July 8: Capricornid meteors reach their first peak. The best viewing will be around midnight in the Northern Hemisphere.
July 29: Delta Aquarid meteors peak. This is the greatest — though not the most spectacular — shower of the year, and it’s best viewed around 2:00 AM in the Northern Hemisphere.
August 4: Jupiter is on the opposite side of the earth from the sun and is best situated for viewing. It rises in the east about dusk and sets in the WSW about dawn. Its magnitude (apparent brightness) is greatest on August 5.
August 12: The Perseids are generally the most spectacular meteor shower of the year. They’re best viewed in the Northern Hemisphere and originate from the highest point in the sky just before dawn. However, they can be seen lower in the sky anytime after dusk.
October 9: The Draconid (or Giacobinid) meteors are near their peak this year, and they may be even more spectacular than the Perseids. They’re best viewed in early evening in North America.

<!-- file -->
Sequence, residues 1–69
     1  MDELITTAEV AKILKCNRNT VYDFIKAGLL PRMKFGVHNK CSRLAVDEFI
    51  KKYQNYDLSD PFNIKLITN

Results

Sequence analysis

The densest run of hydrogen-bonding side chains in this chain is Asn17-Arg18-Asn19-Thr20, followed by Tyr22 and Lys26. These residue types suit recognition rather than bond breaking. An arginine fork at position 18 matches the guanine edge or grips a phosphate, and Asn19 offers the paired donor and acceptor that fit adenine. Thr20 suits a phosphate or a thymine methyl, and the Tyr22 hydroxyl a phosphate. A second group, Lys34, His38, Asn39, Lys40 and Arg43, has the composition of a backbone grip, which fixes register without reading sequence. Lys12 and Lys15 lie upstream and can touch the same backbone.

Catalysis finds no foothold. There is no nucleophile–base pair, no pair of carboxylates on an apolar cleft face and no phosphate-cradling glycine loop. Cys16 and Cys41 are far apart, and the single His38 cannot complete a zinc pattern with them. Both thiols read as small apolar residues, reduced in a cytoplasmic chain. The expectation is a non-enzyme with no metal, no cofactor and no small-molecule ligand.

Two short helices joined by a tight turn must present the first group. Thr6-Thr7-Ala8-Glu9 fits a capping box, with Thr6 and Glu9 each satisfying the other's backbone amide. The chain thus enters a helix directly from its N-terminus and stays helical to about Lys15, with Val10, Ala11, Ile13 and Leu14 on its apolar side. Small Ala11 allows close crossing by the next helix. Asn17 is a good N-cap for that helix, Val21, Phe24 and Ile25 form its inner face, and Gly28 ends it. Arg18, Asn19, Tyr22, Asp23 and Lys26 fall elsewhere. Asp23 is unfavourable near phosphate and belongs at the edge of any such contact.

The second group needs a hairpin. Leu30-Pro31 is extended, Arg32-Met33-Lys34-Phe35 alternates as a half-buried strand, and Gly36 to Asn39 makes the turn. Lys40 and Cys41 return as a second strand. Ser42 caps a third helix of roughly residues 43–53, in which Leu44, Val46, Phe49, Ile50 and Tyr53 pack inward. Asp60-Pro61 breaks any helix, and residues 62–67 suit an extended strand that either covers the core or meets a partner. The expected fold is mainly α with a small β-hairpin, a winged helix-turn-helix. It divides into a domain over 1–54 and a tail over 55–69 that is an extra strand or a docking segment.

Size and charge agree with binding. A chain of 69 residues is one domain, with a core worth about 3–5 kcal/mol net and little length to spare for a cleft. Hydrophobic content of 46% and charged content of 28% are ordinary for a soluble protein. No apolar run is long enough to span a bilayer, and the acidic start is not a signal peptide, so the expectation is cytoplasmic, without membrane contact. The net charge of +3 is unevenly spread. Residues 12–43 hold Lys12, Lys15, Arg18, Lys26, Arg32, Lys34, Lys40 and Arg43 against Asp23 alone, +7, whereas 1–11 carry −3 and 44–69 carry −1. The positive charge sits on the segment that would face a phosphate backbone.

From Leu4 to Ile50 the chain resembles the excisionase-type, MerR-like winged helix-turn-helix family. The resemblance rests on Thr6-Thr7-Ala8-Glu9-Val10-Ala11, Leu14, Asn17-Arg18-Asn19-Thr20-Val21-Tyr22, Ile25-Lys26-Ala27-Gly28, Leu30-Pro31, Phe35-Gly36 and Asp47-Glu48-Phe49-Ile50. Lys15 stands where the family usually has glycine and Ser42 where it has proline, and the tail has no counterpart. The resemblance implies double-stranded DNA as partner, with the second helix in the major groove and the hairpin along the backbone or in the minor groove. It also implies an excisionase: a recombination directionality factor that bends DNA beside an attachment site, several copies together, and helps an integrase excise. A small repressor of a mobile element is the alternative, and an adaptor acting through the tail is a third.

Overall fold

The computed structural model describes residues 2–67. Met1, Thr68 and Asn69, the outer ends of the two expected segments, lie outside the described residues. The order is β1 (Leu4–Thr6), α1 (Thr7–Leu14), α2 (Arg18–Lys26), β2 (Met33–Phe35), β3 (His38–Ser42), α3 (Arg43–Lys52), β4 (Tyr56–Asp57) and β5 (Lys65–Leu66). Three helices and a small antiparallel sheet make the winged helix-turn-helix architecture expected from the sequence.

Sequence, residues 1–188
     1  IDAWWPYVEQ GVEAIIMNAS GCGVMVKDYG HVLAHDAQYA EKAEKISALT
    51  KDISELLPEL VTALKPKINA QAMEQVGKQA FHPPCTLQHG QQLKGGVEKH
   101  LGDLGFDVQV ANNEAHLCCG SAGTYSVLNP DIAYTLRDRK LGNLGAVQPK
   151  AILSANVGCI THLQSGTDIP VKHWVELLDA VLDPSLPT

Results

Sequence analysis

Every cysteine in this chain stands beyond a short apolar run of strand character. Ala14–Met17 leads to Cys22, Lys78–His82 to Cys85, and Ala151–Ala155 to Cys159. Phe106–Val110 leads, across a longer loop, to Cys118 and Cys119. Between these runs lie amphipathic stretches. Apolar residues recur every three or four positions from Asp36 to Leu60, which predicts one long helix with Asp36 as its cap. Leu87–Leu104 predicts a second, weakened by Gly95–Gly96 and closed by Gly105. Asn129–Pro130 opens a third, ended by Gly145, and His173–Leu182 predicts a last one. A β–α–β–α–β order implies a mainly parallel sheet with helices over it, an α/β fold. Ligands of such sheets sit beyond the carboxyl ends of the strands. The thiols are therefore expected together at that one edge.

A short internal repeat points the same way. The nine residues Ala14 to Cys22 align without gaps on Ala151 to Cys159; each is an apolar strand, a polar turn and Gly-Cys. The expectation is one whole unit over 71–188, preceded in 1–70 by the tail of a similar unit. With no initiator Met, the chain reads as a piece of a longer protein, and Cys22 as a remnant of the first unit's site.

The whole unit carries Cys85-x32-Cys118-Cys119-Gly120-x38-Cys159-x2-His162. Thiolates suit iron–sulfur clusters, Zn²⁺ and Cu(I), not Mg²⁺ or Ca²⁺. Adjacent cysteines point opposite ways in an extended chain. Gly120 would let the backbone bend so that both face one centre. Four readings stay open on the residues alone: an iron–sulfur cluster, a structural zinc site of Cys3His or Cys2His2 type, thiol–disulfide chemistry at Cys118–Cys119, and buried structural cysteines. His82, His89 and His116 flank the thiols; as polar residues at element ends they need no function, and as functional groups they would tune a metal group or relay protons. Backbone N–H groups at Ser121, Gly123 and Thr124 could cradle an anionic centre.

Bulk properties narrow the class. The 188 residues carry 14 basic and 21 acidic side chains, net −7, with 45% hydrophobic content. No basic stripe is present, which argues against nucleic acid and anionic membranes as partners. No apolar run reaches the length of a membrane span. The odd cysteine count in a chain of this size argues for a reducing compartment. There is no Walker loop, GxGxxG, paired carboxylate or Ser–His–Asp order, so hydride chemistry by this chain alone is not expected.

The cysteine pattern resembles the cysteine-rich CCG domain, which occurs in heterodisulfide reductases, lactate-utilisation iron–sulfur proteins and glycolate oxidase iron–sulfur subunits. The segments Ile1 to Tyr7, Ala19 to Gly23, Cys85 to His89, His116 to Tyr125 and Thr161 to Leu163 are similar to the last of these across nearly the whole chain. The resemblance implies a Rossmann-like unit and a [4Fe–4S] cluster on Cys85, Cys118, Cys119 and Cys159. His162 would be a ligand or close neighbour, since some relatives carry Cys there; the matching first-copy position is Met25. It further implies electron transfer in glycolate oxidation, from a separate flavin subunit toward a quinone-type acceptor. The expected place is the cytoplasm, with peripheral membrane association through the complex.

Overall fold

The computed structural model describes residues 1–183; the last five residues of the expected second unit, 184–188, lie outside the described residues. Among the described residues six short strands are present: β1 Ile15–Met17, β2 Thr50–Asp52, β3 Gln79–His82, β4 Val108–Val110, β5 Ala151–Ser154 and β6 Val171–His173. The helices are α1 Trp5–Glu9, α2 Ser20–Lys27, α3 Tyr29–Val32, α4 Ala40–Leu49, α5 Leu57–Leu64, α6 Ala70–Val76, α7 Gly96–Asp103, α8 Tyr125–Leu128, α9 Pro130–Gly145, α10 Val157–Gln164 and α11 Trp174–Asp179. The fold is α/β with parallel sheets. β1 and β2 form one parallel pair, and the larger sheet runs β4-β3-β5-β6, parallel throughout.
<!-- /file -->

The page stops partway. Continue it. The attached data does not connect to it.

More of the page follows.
October 20: The Orionid meteors are derived from Halley’s comet, but may be stronger than the Eta Aquarids because the comet is twice as close. They are best viewed in North America about dusk.
November 3-23: The first “window” of visibility for Halley’s comet, which probably will be visible only with binoculars or a telescope. For example, look just below the Pleiades on the 16th.
November 17: Leonid meteors reach their peak. This shower will be visible only in western North America but is of interest because the meteors have the highest apparent velocity of any.
December 1-17: The second “window” of visibility for Halley’s comet. The greatest apparent magnitude will be about 5.4, sufficiently bright to be seen with the naked eye in average conditions. For example, look just south of Aquarius on the 17th.
December 17: Mercury’s best autumn appearance is in the early morning about 10° east of SE and 12° above the horizon.